EDISON HIGH SCHOOL
“Day of the Dead at EHS”
Spanish students at Edison High School had the chance this Halloween to experience a taste of Latin American culture by creating decorations for El Día de los Muertos, The Day of the Dead.
The week prior, students learned about the cultural significance of this holiday, and examined the traditions practiced in Latin American countries as well as in the United States. Students were then tasked with decorating their classroom using culturally relevant items such as colorful skulls and other art, marigold paper flowers, and ‘papel picado’ (a traditional hanging decoration using colorful cut paper). Teachers even dressed the part in traditional Day of the Dead face paint, and brought the event to life.
In the upper level Spanish classes, students were assigned a famous Spanish-speaker who is no longer alive. Students had to research that person and write up a synopsis of their life using the two forms of past tense conjugations in Spanish. Then they had to decorate a calaca (whimsical skeleton figure) to represent their deceased famous person and display their work.
Then on November 1st, administrators at Edison toured the classrooms acting as judges to determine the best-decorated room. The winning classroom was given a Spirit Award trophy to display for the remainder of the year.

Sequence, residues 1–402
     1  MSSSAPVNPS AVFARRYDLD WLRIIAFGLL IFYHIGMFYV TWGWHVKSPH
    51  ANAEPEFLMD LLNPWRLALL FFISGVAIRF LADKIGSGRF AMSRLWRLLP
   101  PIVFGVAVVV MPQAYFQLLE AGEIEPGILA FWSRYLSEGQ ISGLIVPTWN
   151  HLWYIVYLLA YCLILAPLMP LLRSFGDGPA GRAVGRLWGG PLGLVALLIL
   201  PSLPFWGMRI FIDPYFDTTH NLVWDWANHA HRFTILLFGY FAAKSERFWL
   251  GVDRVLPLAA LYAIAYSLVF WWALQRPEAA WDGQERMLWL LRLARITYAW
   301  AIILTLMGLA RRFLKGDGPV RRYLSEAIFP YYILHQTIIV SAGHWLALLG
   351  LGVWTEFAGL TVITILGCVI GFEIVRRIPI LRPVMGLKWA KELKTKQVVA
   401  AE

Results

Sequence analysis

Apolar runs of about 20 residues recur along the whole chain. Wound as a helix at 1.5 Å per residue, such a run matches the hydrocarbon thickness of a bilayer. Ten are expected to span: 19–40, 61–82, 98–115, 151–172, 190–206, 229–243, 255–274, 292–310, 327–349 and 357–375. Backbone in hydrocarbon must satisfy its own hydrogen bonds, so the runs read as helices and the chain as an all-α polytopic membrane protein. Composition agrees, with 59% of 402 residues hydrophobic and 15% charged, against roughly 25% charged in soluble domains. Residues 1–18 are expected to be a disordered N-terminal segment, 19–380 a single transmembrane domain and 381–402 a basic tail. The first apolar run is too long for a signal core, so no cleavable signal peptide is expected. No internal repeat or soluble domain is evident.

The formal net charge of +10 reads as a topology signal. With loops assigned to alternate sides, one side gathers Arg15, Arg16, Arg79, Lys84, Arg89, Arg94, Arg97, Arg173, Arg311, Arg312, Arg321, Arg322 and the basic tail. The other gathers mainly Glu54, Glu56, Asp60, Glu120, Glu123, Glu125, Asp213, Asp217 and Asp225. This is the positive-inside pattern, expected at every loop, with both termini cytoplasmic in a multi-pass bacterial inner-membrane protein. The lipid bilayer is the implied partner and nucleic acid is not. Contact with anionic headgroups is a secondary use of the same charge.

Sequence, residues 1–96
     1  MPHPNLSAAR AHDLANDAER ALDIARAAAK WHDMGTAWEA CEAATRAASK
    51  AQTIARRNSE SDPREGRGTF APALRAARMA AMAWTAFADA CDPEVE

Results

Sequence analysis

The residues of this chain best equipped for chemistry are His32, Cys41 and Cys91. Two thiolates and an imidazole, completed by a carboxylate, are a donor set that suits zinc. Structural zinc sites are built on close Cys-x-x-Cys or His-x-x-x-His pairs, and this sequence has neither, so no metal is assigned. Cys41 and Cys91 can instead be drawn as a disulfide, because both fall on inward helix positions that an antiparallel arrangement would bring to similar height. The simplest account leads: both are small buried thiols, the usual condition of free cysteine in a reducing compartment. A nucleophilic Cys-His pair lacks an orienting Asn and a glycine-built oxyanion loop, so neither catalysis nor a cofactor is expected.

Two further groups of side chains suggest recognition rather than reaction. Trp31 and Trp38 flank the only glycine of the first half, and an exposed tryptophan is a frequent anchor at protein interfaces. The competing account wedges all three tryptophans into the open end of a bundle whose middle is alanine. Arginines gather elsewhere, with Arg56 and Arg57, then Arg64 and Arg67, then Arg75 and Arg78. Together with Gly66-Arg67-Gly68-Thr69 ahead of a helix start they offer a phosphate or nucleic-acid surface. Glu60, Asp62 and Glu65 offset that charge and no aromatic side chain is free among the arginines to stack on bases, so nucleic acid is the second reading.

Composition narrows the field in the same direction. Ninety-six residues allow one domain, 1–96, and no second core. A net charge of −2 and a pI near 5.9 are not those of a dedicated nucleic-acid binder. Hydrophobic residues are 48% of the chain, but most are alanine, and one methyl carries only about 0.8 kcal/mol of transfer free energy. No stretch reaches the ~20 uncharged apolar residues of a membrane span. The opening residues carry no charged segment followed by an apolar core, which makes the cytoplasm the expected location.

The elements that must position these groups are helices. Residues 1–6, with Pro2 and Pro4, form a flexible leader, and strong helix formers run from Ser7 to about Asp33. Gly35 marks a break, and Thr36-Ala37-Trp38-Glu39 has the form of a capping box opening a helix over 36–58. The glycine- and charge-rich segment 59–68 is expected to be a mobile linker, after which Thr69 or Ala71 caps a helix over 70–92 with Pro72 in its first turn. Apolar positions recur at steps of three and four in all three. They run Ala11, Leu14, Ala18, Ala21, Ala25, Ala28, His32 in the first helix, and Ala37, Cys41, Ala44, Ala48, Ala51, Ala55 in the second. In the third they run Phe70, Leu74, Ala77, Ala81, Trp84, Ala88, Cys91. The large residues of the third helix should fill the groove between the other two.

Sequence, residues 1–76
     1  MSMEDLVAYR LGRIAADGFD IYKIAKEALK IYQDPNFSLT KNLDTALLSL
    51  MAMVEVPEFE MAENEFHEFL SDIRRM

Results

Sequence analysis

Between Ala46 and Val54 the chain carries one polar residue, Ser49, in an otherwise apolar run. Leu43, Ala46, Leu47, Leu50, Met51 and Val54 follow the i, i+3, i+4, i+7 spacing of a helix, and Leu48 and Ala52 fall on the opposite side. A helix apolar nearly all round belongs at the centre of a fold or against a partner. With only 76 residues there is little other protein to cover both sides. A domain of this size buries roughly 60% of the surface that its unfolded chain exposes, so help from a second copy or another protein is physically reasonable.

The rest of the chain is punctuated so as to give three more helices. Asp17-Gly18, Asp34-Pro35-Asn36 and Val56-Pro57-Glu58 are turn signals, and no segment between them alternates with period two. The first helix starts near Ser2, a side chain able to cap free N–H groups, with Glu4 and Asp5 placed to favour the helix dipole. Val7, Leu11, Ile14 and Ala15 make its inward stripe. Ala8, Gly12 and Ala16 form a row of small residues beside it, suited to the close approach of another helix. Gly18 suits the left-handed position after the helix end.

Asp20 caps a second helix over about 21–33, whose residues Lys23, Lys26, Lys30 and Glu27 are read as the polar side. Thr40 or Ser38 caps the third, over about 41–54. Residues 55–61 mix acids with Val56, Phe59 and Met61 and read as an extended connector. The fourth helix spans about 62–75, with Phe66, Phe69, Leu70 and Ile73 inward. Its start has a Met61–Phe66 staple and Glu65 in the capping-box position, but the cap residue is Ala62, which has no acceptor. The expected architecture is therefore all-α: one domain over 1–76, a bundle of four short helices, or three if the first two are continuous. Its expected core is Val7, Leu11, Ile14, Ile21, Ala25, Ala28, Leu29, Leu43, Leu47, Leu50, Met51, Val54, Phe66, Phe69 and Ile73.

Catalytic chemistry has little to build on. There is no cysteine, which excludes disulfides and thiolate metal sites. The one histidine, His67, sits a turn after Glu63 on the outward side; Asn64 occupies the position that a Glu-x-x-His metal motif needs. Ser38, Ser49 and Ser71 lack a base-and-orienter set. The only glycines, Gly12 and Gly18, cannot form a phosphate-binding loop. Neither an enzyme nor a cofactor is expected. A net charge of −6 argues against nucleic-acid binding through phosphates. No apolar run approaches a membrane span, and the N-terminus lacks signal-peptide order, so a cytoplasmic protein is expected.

It was a fun event for all involved, and as the first time teachers have attempted this kind of collaborative competition in the Spanish department, it was a great success. Let’s see what fun cultural experience the Spanish students can get their hands on next!
Article courtesy of Amy Wojkowski from the Edison High School Spanish Department.
WESTMINSTER HIGH SCHOOL
On November 1, Westminster High School (WHS) participated in Día de los Muertos, or Day of the Dead, activities for the third year in a row. Rich with tradition, the Lions lunchtime event honored the deceased with student-made ofrendas (altars), lively dancing, vibrant-colored decor, and much more.
Seen below, Principal Joe Fraser joined his students and fellow employees in dancing to the popular Mexican Line Dance song, Payaso del Rodeo.
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